The Curonian Spit is a UNESCO-protected strip of land that separates a lagoon from the Baltic Sea. It is famous for its tall sand dunes, beaches, and pine forests, the latter of which were planted in an effort to reduce the effects of the shifting dunes on local populations. Hiking, sunbathing, bird watching, swimming, and cycling are all popular pastimes for visitors to the spit.
The spit was long inhabited by Baltic tribes who fished the waters of the Curonian Lagoon. The Spit was eventually invaded by Teutonic Knights, who built castles there to dominate their territory. Prussians found ways to industrialize the spit, and the destruction of its natural tree cover and other environmentally unsound practices deteriorated the stability of the dunes, which began to cover fishing villages. In the 19th century, reforestation efforts repopulated the spit with pine trees that help to maintain the integrity of the land and provide habitat for birds and other wildlife. Forest fires are a threat here; visitors can see where fires ravaged wooded acreage in the past.
How to Get to the Curonian SpitThe Curonian Spit is accessible by ferry from Klaipeda, and both vehicle transport ferries and pedestrian/cyclist ferries exist to take visitors to the spit. It’s possible to drive or cycle the length of the spit to view scenery, take a break in villages, or stop for smoked fish along the way. An entrance fee is required for those who travel beyond Smiltyne, officially a part of Klaipeda, where the Maritime Museum and Aquarium is located.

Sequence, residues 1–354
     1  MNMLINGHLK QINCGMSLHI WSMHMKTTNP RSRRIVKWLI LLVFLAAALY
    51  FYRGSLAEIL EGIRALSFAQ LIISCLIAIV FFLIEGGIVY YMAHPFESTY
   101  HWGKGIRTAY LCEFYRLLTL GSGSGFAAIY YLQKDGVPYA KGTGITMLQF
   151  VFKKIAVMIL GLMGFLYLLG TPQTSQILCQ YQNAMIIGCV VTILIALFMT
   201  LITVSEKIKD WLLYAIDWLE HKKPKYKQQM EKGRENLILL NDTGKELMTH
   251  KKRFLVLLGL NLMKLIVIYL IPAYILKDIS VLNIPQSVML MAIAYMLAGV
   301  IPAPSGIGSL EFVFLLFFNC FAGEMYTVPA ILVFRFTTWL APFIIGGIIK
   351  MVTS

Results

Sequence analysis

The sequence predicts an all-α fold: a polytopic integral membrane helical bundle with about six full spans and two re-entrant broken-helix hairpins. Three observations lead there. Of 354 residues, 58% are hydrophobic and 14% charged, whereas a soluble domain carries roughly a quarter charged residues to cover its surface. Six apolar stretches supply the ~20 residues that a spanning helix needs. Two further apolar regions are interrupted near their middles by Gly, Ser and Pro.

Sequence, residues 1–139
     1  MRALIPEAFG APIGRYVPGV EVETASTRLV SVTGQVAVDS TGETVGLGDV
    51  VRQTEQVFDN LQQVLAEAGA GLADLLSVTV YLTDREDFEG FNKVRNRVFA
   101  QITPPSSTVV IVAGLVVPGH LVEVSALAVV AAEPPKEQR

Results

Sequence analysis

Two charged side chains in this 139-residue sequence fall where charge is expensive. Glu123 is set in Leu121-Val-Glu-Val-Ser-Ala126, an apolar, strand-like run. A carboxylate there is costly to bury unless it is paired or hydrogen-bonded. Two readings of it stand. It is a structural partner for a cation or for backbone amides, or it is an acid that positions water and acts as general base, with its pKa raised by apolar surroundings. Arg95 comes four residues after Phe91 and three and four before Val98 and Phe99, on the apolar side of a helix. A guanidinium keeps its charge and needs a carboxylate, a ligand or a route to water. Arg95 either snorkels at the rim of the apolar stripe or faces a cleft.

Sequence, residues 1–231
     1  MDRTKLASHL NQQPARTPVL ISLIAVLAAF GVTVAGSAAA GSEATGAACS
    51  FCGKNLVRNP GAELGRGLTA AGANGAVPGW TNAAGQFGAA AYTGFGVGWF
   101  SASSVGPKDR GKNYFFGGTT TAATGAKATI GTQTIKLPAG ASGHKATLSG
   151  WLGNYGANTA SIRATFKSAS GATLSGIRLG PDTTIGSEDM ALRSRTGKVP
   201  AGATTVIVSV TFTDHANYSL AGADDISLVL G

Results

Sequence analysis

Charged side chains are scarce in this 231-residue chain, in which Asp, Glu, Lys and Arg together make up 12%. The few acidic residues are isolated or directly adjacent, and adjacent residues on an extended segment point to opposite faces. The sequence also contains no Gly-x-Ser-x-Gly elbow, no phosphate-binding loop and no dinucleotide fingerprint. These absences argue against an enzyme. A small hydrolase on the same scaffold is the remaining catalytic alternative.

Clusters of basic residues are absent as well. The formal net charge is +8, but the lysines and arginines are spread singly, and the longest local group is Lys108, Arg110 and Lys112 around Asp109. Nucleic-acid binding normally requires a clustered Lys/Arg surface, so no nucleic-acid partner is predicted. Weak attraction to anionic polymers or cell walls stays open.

Villages on the Curonian SpitNida is the most famous village on the Curonian Spit. Its dunes, topped by a monumental sundial, are legendary in Lithuania and beyond. Small cottages in Nida are highly coveted by vacationers and must be booked months in advance. Locals also rent out rooms to those who prefer not to stay in a hotel.
Smiltynė is the northernmost settlement on the Curonian Spit. It is home to an aquarium, housed in a former fortress. Travelers in Klaipeda searching for a beach can go to Smiltynė, where the beach is wide and clean.
Juodkrantė, a former German resort town, is one of the larger villages on the Curonian Spit. Its Hill of Witches displays wooden sculptures depicting themes from Lithuanian tradition and fairy tales.